“Heslop States That “a Political System

“Heslop states that “a political system is a set of recognized legal institutions that establish a government or a state. This definition is adopted by numerous scholars of the legal or constitutional arrangements of advanced political orders” (2019).” “A political system is also understood to be set of procedures of collaboration or as a subsystem of the societal structure interrelating with other non-political subsystems, such as the monetary system.” “This readdresses to the prominence of casual socio-political procedures and stresses the learning of political expansion.” “Political organizations are not the only institutions that form states, religion has played a major role in most states.” “Religion according to Nangbri is a social-cultural structure of elected behaviours and practices, morals, worldviews, texts, sanctified places, prophecies, ethics, or organizations, which relates humanity to supernatural, transcendental, or spiritual elements.” “Nonetheless, there is no academic agreement over what exactly establishes a religion.” “This essay aims to compare and contrast the political systems and religions of Iran and Mexico and their roles in shaping the current state of these states.”

“Mexico is a country of southern North America and the third prime country in Latin America, after Brazil and Argentina.” “Mexican society is characterized by extremes of wealth and poverty, with a limited middle class wedged between an elite cadre of landowners and investors on the one hand and masses of rural and urban poor on the other.” “It is a federal republic with an executive president, a bicameral legislature, an independent judiciary, a system of checks and balances and competing political parties.” “Elections are more honest and competitive, power is being redistributed to a broader, popular base.” “The terms for eligibility for Mexican presidents are more demanding & totally different than those for Iranian president, a candidate must be Mexican by birth, have a mother or father who is Mexican by birth, must be at least 35 years old, and must have been resident in the country for at least a year prior to the election.”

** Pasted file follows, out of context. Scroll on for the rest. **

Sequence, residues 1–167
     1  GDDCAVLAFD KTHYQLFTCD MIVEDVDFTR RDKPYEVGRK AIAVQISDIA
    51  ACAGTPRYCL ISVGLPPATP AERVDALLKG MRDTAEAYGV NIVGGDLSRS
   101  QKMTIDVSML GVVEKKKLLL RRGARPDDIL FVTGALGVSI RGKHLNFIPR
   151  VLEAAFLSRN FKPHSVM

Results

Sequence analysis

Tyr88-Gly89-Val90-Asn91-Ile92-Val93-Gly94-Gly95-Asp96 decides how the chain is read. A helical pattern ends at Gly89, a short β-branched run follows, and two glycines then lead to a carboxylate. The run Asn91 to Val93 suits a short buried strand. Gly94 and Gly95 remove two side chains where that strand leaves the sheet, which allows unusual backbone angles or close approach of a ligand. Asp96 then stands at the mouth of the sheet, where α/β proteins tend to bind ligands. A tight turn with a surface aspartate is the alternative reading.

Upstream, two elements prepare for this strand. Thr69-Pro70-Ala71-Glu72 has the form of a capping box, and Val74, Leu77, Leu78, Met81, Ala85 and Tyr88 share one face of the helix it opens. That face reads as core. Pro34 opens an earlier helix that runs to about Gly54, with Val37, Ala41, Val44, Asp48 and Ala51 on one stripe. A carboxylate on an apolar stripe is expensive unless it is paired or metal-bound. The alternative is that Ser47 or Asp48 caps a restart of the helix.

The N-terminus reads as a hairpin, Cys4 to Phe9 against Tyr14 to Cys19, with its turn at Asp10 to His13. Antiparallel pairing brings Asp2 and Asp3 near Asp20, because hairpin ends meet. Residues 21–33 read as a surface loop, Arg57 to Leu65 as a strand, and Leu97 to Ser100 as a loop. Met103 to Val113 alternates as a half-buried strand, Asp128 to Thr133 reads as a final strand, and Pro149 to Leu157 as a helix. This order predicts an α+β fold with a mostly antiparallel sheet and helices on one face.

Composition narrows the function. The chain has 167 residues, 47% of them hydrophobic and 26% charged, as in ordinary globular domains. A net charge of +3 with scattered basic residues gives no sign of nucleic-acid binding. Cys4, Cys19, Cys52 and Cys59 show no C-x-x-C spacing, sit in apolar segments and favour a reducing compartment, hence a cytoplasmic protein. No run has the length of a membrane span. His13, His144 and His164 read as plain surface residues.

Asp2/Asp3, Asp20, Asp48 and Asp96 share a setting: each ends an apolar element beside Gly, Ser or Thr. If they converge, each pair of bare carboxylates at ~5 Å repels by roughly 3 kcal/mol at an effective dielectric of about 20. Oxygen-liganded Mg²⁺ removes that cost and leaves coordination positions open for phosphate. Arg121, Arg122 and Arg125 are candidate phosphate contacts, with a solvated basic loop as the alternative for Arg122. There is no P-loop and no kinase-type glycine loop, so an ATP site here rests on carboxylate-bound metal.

“The candidate cannot be an official in a church or religious organisation (this is because religious officials are not allowed to speak in public), and cannot have been on military service in the 6 months earlier to the election.” “Mexico is one of the chief economic and political forces in Latin America.” “It has a dynamic industrial base, vast mineral resources, a wide-ranging service sector, and the world’s largest population of Spanish speakers.” “Mexicans may show reservations of their political front-runners and church pyramid, but never of Our Lady of Guadalupe.” “Almost five hundred years after the apparition, eighty-three percent of the inhabitants still identify themselves as Catholic, but the sum is decreasing, as supporters continuously abscond to evangelical audiences.” Algren (2016) concludes that:

“Catholicism arrived in Mexico with the conquistadors coming to plunder the country, but it took the vision of Mary in 1531 for the religion to take root.” “Historians say the Spanish cleverly substituted the Virgin for Tonantzin and employed her to evangelize the indigenous populations.” “That syncretism converted the masses, who went on to develop a unique form of Catholicism, in which rabid religiosity and popular piety are expressed, but the sacramental and social side of the faith are often ignored.”